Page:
Her comments came amid plans to introduce restrictions on the use of tents in urban environments, including fining charities for handing them out if they’re deemed to have caused a nuisance – proposals the prime minister has not ruled out.

Homelessness charities hit out at Braverman, with Shelter saying homeless people should not be punished, and blamed the number of rough sleepers on the streets of England on “failed government policy”.

Crisis pointed out: “We don’t have nearly enough affordable homes and rents are soaring, leaving people destitute and forced to sleep rough.”

Comedian Joe Lycett waded into the debate and raised more than £50,000 for Crisis UK, after urging people to donate as he criticised Braverman’s remarks.

After surpassing the target within days, he wrote: “Of course my main thanks must go to Suella: without your lifestyle choice, of being callous and cruel towards the most vulnerable people in society, none of this would’ve happened.”

People seeking UK asylum ‘pretending to be gay’

In September, the former home secretary claimed “in many instances” asylum seekers pretend to be gay to to get “special treatment” and stay in the UK.

She told ITV’s Peston programme that “people purport to be gay when they’re not actually gay… in the effort to game our system”, saying it was “not fair and it’s not right”.

The comments were in defence of a speech she’d made in Washington, US, in which she claimed multiculturalism had “failed”, and warned of the West’s “existential challenge” of uncontrolled immigration. She questioned whether the application of the United Nations (UN) 1951 Refugee Convention is “fit for our modern age”.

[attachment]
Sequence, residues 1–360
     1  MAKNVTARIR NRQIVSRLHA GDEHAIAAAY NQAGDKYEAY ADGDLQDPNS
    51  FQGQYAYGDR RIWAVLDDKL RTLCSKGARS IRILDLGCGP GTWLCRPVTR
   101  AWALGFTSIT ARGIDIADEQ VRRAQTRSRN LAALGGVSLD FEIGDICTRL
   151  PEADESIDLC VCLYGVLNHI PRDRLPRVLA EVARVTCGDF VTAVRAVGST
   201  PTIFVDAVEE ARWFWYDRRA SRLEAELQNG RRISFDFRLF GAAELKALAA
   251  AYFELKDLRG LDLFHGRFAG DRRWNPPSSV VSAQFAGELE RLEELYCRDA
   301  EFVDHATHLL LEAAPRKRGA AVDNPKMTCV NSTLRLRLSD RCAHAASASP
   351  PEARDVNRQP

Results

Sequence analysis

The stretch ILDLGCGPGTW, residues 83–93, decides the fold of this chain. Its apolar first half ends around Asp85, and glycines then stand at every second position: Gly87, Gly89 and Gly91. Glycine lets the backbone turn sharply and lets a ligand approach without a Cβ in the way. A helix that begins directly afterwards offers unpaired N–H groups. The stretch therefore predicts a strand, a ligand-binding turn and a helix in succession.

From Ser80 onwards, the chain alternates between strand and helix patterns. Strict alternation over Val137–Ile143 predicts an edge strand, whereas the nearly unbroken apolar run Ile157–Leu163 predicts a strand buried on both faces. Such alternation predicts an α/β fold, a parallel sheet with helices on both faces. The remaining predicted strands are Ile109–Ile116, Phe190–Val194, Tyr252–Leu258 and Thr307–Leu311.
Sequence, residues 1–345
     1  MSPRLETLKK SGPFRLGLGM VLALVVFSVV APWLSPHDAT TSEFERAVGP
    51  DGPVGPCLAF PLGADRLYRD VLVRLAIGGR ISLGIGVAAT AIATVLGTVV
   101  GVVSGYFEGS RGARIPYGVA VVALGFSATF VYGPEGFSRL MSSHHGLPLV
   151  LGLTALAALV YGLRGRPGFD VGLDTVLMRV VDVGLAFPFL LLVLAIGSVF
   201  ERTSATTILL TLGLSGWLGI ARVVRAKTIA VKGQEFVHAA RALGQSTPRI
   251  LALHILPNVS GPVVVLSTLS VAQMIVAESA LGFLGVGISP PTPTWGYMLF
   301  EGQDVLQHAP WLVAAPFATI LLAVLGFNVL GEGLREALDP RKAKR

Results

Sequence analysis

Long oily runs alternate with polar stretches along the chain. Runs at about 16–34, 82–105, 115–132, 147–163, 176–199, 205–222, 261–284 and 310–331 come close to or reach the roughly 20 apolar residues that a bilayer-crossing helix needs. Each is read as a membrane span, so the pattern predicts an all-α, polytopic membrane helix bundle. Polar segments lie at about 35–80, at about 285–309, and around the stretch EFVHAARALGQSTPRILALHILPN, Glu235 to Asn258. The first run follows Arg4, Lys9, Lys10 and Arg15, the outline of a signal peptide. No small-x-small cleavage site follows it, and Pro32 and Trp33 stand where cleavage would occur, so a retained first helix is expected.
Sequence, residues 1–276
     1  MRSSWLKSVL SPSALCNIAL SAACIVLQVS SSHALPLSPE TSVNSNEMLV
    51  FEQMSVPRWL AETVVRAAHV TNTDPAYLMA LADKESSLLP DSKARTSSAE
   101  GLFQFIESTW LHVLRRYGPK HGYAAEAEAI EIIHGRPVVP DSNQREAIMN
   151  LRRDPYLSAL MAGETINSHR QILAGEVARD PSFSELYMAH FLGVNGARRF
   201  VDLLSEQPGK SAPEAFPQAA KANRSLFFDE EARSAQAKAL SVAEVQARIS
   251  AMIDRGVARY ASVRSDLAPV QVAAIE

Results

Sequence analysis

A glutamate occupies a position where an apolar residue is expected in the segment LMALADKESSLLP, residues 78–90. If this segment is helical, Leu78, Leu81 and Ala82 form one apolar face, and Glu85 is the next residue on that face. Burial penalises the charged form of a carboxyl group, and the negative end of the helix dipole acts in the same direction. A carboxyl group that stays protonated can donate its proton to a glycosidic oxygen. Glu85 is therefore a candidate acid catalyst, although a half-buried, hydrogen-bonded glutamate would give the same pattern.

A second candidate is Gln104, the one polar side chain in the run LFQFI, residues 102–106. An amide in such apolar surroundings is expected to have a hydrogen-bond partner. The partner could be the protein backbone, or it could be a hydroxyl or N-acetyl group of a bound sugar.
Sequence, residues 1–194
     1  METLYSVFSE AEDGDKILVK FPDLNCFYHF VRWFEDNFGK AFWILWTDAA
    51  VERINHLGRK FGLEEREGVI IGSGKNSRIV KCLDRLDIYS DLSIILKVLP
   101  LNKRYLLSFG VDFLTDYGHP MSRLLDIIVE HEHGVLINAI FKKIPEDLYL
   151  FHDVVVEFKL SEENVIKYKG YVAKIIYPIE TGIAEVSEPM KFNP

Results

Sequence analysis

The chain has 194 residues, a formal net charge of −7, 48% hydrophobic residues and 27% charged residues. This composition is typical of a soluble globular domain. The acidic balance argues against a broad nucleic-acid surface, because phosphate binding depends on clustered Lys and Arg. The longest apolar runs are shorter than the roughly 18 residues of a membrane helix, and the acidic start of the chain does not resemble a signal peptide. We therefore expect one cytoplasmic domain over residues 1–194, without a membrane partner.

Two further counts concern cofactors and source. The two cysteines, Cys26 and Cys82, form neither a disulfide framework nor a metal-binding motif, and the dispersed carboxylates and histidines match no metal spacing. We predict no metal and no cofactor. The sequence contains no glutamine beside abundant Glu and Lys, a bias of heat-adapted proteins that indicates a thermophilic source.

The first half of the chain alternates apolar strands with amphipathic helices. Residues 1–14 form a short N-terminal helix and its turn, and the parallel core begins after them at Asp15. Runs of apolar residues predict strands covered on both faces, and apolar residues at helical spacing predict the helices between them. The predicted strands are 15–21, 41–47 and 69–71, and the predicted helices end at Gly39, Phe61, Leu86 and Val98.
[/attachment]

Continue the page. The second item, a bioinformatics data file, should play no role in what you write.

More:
She also argued that offering asylum to a person because they are discriminated against in their home country for being gay or a woman was not sustainable, and should not be enough to qualify for international refugee protection.

The comments sparked backlash from human rights and equality campaigners, LGBT+ charities and prominent public figures, like Sir Elton John, who said she risked “further legitimising hate and violence” against LGBT+ people who deserve “more compassion”.

Grooming gangs were ‘almost all British-Pakistani men’

The Independent Press Standards Organisation (IPSO) waded into a row over claims Braverman made that grooming gangs are “almost all British-Pakistani men”.

A complaint was brought to IPSO by the Centre for Media Monitoring (CfMM), part of the Muslim Council of Britain, over the comments made by the former home secretary in a column published in the Mail on Sunday.

She wrote that the perpetrators behind the “grooming gangs phenomenon” were “groups of men, almost all British-Pakistani, who hold cultural attitudes completely incompatible with British values” and that they have been “left mostly unchallenged both within their communities and by wider society”.

IPSO ruled the comments were “misleading” where it was not made clear that this referred specifically to the abuse scandals in Rotherham, Rochdale and Telford, and instructed the Mail on Sunday to publish a correction.

Home Office research, published in 2020, contradicted Braverman’s comments, finding group-based child sexual offenders were mainly white males under 30.